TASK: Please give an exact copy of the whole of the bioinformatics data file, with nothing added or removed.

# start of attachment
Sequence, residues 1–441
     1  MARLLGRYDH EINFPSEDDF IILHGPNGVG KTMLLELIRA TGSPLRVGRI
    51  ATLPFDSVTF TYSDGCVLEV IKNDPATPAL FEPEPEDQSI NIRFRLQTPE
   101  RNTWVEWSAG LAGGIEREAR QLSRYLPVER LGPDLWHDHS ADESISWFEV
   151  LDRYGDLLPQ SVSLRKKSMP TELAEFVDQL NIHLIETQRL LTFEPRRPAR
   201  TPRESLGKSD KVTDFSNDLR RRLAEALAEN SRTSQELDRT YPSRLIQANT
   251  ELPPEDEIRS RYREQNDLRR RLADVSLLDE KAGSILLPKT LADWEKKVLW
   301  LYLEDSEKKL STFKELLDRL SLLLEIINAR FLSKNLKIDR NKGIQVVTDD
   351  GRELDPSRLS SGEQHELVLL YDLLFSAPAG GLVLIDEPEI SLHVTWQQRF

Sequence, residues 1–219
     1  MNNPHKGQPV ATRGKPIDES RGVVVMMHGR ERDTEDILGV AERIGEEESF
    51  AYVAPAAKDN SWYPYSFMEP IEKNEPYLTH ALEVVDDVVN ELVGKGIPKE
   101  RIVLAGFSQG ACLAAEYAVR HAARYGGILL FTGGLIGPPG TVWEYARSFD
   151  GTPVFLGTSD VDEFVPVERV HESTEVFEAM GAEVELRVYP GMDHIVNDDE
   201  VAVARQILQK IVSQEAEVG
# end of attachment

Sequence, residues 1–441
     1  MARLLGRYDH EINFPSEDDF IILHGPNGVG KTMLLELIRA TGSPLRVGRI
    51  ATLPFDSVTF TYSDGCVLEV IKNDPATPAL FEPEPEDQSI NIRFRLQTPE
   101  RNTWVEWSAG LAGGIEREAR QLSRYLPVER LGPDLWHDHS ADESISWFEV
   151  LDRYGDLLPQ SVSLRKKSMP TELAEFVDQL NIHLIETQRL LTFEPRRPAR
   201  TPRESLGKSD KVTDFSNDLR RRLAEALAEN SRTSQELDRT YPSRLIQANT
   251  ELPPEDEIRS RYREQNDLRR RLADVSLLDE KAGSILLPKT LADWEKKVLW
   301  LYLEDSEKKL STFKELLDRL SLLLEIINAR FLSKNLKIDR NKGIQVVTDD
   351  GRELDPSRLS SGEQHELVLL YDLLFSAPAG GLVLIDEPEI SLHVTWQQRF

Sequence, residues 1–219
     1  MNNPHKGQPV ATRGKPIDES RGVVVMMHGR ERDTEDILGV AERIGEEESF
    51  AYVAPAAKDN SWYPYSFMEP IEKNEPYLTH ALEVVDDVVN ELVGKGIPKE
   101  RIVLAGFSQG ACLAAEYAVR HAARYGGILL FTGGLIGPPG TVWEYARSFD
   151  GTPVFLGTSD VDEFVPVERV HESTEVFEAM GAEVELRVYP GMDHIVNDDE
   201  VAVARQILQK IVSQEAEVG